1999/2000, as I stated earlier, saw the final move from Autumn to Spring. This meant that the final was played in 2000 rather than 1999, and happily means that Celtic actually became the first Scottish team to win a trophy this millennium as they defeated Aberdeen 2-0 in the final. Sadly, very few people were bothered. This was the year of “The Dream Team” and by the time the trophy was won the name Inverness Caledonian Thistle had been etched into all our minds and Kenny Dalglish had taking temporary charge after the sacking of John Barnes.
From a personal point of view, this final annoyed me for a different reason. I didn’t have a season ticket at this point, but I’d been picking up tickets for the odd game. One of those was the semi final against Kilmarnock which Celtic won 1-0 thanks to Lubo Moravcik’s header in off the bar. The game took place just a week after the Inverness match, and so you could practically have heard a pin drop in the Celtic end such was the support’s enthusiasm for the match. Celtic had an allocation of 40,000 for the match, they sold less than half.
Of course, when Celtic made the final everyone snapped up a ticket. Such was the demand for the final, us poor non-season ticket holders who had actually bothered to turn up for the semi final never even got the chance of a ticket for the final. Am I bitter? Of course I am. This trophy annoys me at the best of times, and on the one chance I might actually get to go and see us win the damn thing it gets snatched away from me. Even when we win, I lose.
2000/01 was much better. The final that year was actually something of a breath of fresh air compared to so many that had gone before it. With Celtic facing Kilmarnock, Henrik Larsson gave us the lead just after half time. Then Chris Sutton was sent off for what was deemed a reckless challenge but was nothing of the sort, only for Larsson to score another two goals – his third being absolutely priceless as he rolled the ball under his foot to completely confuse Gordon Marshall (ha ha, revenge!) – and win the first of a clean sweep. Yes, our third domestic treble!
The semi final had seen us beat Rangers for what seemed like the first time in an absolute age in a cup competition too. I honestly couldn’t remember when we had last beaten Rangers in the League Cup prior to February 2001 at the time, and of course I couldn’t because it was that final in December 1982.
So, with that success finally making us feel better about this tournament again we’re done with the misery, right?
The following season Rangers got revenge by beating Celtic 2-1 after extra time in the semi final. That’s bad enough on it’s own, but when you consider the winner came from Bert Konterman of all people it’s actually quite embarrassing as well. This is a guy who a year and a half previous had admitted his mum had taught him how to play football. Having been nutmegged by Larsson just a few days previous to that admission we all had a good laugh. Well it wasn’t so funny after that winning goal, that’s for sure.
Then came 2002/03. This one probably stings me more than most because it was my first year as a season ticket holder and that meant I actually got to go to the final against Rangers. Not only was I going to the final but this was, in fact, my first Rangers game. I’d say Glasgow derby, but after getting revenge on Inverness in the third round we’d played Partick Thistle in the quarter final. That lead to the most ridiculous penalty shootout I’ve ever seen. Celtic may have won it 5-4, but that wasn’t after ten penalties that was after eighteen! Partick Thistle actually had three separate chances to win the tie and each time failed to do so. Dundee United were then beaten 3-0 in the semi final to setup the big final.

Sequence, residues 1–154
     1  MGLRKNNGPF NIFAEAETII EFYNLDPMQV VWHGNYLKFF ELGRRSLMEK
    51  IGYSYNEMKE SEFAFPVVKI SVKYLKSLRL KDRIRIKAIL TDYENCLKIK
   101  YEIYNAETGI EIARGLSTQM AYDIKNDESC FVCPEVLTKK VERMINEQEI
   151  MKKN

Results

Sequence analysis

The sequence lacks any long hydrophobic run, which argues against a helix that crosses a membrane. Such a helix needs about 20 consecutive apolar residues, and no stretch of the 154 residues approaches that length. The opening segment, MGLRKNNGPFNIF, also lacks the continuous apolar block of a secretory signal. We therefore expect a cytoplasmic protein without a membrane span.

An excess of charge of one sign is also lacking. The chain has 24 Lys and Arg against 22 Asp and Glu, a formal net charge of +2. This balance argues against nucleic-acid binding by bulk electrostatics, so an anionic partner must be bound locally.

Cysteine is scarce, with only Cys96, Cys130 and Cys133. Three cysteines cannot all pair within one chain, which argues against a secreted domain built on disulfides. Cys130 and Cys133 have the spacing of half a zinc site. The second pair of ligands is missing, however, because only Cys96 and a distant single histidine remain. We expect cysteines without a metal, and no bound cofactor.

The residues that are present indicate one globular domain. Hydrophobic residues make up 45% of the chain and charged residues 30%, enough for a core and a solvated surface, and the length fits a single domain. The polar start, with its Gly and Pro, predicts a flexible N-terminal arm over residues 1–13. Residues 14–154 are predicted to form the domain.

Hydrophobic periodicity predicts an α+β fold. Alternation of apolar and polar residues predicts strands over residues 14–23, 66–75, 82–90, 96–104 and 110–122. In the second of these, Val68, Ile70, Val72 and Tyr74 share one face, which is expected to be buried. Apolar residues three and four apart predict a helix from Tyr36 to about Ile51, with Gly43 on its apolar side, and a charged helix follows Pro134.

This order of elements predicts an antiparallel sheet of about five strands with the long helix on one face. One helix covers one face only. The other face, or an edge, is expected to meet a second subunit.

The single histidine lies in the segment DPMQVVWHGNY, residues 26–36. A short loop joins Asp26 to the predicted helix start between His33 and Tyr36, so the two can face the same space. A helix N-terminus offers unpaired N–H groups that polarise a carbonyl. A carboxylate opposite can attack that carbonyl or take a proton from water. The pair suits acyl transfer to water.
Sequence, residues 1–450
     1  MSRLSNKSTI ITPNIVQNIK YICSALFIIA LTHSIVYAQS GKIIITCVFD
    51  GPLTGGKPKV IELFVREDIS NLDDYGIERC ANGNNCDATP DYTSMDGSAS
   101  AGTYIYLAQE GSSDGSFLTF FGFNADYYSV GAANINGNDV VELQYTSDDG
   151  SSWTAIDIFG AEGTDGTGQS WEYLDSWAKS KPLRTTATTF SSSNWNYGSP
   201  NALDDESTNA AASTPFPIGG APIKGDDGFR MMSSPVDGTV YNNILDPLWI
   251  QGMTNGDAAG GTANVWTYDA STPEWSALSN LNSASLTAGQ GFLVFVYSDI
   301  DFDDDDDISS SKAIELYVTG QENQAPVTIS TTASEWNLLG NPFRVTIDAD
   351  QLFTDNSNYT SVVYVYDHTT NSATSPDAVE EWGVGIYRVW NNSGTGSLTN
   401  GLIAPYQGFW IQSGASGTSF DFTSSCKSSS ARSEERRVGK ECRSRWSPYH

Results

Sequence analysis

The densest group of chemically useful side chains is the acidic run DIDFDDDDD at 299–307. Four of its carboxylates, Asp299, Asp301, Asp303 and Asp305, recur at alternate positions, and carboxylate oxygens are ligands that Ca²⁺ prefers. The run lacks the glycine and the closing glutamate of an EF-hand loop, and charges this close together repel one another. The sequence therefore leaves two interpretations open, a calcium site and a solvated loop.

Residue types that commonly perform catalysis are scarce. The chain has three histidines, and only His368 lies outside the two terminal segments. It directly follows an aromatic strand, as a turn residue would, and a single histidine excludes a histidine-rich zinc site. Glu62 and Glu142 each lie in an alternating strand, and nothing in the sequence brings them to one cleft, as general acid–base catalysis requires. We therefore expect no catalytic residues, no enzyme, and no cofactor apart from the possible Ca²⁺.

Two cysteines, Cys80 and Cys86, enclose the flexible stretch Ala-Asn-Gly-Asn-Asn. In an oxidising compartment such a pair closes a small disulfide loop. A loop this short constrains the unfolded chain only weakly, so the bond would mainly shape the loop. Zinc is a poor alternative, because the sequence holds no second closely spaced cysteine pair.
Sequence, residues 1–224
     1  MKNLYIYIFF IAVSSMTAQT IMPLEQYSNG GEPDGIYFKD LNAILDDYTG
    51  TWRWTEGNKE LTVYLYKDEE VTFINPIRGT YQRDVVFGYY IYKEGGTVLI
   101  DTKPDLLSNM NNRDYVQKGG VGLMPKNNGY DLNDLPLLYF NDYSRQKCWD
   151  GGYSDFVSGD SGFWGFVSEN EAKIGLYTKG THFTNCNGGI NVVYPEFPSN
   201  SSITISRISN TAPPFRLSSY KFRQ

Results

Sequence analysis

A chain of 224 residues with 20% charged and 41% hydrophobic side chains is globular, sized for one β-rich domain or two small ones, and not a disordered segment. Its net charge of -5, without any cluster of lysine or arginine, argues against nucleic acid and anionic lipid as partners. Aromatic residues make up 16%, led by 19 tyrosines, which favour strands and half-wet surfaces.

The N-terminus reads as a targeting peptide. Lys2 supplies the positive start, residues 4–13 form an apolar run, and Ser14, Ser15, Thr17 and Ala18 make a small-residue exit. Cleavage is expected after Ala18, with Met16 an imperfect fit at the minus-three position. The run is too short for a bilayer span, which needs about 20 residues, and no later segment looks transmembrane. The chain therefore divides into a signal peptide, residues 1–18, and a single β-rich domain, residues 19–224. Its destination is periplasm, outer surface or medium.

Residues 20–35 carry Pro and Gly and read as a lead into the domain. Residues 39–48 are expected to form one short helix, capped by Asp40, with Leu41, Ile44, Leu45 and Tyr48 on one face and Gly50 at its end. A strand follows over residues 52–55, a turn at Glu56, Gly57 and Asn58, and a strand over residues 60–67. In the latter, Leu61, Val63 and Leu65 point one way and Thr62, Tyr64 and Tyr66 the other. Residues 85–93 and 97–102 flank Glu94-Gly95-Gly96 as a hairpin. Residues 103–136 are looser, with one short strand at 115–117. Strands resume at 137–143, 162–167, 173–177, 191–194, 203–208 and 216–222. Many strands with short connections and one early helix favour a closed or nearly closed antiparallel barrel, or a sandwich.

Sadly though, Celtic didn’t turn up. This was the period of the supposed “indian sign” that Alex McLeish had over Martin O’Neill. What he actually did was play 4-3-3 against Celtic’s 3-5-2 and our defence got overwhelmed. Once O’Neill switched to 4-4-2 the “indian sign” mysterious vanished and McLeish’s side lost seven derbies in a row. But that didn’t happen until after this cup final, so instead Celtic found themselves 2-0 down at half time thanks to goals from Claudio Caniggia and Peter Lovenkrands.
Celtic did rally in the game though, and were the better team by the time Henrik Larsson pulled a goal back. But then it all started to go wrong. First a perfectly legitimate John Hartson goal was ruled out for offside, much to the bewilderment of me in the South Stand at Hampden where I had clearly seen he was onside and so had the linesman who was right in front of me. Then Chris Sutton went off with a broken wrist, and Neil Lennon was sent off for a second booking.
But then we got a lifeline. Lorenzo Amoruso pulled down Bobo Balde in the final minutes of the game and Celtic had a penalty. However, we also had no time left on the clock, were a man down on our opponents, and a hugely important Uefa Cup quarter final second leg tie at Anfield against Liverpool coming up just a few days after this final.
I’ll be honest, I don’t know if Hartson thought about all of that but if he did and he missed the penalty on purpose then I’m okay with it. I doubt it, but I like to think he did anyway. There’s no guarantee we’d have won in extra time after all. It’s far more likely we’d have lost with ten men and would have played an extra thirty minutes for nothing. I hate losing to Rangers at any time, especially in finals, but in this cup where I was kind of used to losing anyway?
Look at it this way. Would you trade beating Liverpool – a game in which John Hartson himself scored a cracking goal – at Anfield, and the trip to the Uefa Cup final in Seville that came as a direct consequence of that win, for a Scottish League Cup? I know there’s no guarantee we wouldn’t have gone on to beat Liverpool even if we had played that extra half hour, but this is probably the one League Cup campaign I’m not losing sleep over. I’ll just stick to my belief that had his earlier goal stood correctly and not been wrongly flagged offside then Big Bad John would have stuck away that penalty and we’d have won the League Cup AND went to Seville.